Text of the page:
Family and Consumer Sciences
Young adult females who participate in endurance sports are at risk of developing Female Athlete Triad (FAT). The high prevalence of FAT among collegiate athletes and its potentially lifelong consequences substantiate the importance of relevant research. The objective of the present study is to identify the risk of FAT among the Western Kentucky University women’s cross country team, based on the presence or absence of the three FAT components, and to investigate the perceptions of those determined to be ‘at-risk.’ It was hypothesized that a preponderance of the WKU women’s cross country team would be considered ‘at risk’ for developing FAT, and that a relationship would be seen between the manifestation of the three FAT components and athletes’ perceptions regarding thinness and improved athletic performance. Analysis of participants’ food records and questionnaire responses supported these hypotheses. All participants displayed at least one FAT component, and a majority associated low body weight with athletic success. Outcomes suggest that manifestation of FAT correlates with athletes’ beliefs regarding thinness and performance, i.e., low body weight leads to improved performance.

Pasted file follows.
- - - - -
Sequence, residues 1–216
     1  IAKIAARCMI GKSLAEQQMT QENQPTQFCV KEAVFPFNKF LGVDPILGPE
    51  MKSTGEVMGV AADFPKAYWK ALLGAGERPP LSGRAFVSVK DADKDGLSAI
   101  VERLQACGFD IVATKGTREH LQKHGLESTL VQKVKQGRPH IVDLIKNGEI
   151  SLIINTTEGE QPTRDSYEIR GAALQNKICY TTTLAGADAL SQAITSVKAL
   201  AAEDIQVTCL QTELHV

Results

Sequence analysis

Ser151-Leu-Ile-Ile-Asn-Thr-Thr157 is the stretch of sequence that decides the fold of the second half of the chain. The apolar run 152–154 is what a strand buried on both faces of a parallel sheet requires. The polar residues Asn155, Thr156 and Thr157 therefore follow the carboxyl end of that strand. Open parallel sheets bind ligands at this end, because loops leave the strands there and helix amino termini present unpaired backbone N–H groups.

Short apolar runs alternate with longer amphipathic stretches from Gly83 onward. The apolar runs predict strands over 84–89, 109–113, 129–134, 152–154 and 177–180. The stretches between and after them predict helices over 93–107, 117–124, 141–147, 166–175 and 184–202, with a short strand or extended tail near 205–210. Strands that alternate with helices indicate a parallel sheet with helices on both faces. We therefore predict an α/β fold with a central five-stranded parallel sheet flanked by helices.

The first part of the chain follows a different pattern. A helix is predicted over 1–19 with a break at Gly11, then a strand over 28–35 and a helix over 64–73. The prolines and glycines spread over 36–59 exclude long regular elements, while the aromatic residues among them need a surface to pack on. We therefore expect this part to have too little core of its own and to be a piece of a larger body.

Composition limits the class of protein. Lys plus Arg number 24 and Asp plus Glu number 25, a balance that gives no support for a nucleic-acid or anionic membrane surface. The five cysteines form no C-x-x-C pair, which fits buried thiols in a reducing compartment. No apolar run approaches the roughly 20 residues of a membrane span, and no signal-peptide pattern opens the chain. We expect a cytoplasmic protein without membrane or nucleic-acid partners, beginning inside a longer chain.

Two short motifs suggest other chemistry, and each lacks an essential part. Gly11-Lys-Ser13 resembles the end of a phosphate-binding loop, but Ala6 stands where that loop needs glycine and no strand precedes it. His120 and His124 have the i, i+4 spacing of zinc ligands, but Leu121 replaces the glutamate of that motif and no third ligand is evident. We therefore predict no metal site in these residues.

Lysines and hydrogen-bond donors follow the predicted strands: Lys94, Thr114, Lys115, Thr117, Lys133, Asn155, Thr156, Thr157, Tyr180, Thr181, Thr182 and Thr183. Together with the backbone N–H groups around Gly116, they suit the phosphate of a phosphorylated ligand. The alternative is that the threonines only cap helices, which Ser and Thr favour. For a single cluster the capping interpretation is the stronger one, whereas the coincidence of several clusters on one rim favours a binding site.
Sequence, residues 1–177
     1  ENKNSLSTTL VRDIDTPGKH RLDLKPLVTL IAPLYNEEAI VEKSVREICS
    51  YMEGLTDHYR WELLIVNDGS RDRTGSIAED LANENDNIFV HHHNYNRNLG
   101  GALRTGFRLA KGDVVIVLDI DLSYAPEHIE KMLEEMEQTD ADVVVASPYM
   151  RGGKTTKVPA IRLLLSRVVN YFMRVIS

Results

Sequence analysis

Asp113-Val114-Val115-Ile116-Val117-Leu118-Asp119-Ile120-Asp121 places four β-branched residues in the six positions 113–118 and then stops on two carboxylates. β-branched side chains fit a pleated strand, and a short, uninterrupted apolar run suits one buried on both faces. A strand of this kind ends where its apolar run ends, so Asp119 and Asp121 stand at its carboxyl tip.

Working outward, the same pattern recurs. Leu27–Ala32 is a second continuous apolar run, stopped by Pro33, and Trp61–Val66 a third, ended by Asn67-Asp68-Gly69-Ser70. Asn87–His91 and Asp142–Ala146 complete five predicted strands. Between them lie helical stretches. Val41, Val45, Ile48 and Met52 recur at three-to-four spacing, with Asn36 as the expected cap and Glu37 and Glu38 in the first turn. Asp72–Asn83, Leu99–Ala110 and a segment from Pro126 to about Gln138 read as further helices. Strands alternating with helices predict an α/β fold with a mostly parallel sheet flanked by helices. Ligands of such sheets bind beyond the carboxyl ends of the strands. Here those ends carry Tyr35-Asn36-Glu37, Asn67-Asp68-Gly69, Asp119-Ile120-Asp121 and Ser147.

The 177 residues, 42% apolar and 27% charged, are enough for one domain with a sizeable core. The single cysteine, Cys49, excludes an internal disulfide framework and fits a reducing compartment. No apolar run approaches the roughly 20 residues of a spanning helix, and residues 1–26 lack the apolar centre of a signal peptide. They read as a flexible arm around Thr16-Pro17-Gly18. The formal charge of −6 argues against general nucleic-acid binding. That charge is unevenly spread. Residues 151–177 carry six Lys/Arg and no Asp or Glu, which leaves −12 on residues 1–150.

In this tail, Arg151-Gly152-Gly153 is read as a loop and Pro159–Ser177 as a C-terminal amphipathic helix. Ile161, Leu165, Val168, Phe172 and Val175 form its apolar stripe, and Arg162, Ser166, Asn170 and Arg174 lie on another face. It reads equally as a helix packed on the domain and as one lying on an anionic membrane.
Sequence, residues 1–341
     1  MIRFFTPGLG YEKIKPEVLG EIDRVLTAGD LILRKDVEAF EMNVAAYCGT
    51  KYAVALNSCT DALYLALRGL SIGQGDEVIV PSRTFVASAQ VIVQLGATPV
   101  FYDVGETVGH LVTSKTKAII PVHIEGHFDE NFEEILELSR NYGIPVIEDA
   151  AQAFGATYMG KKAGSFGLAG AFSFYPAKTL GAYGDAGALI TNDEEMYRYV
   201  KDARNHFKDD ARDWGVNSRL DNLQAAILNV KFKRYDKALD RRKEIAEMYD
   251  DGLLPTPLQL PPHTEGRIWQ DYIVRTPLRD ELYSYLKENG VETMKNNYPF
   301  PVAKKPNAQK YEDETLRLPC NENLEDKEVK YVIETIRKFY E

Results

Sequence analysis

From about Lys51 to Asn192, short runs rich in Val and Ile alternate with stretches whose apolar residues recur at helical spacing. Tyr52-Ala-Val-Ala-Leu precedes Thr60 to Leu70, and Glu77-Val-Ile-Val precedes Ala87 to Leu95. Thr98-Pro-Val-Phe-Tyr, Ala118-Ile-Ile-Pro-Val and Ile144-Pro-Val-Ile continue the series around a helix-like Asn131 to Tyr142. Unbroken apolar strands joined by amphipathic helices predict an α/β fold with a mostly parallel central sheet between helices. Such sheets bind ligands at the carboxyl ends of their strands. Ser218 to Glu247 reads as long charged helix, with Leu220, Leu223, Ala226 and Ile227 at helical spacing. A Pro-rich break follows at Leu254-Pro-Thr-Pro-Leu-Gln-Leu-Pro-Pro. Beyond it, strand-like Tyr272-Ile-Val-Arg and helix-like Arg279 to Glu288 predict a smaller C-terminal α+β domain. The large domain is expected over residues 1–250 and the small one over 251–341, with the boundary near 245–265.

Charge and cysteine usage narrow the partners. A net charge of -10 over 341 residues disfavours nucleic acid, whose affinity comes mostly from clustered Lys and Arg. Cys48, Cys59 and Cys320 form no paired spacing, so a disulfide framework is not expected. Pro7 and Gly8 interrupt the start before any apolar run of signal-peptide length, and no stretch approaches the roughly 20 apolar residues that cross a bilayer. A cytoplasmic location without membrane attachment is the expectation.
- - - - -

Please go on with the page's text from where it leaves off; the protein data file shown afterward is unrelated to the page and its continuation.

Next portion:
Advisor(s) or Committee Chair
Dietetics and Clinical Nutrition | Other Public Health | Sports Sciences
Hinken, Lindsey, "Association of Body Weight with Athletic Success and the Occurrence of Female Athlete Triad in Cross Country Athletes" (2016). Honors College Capstone Experience/Thesis Projects. Paper 609.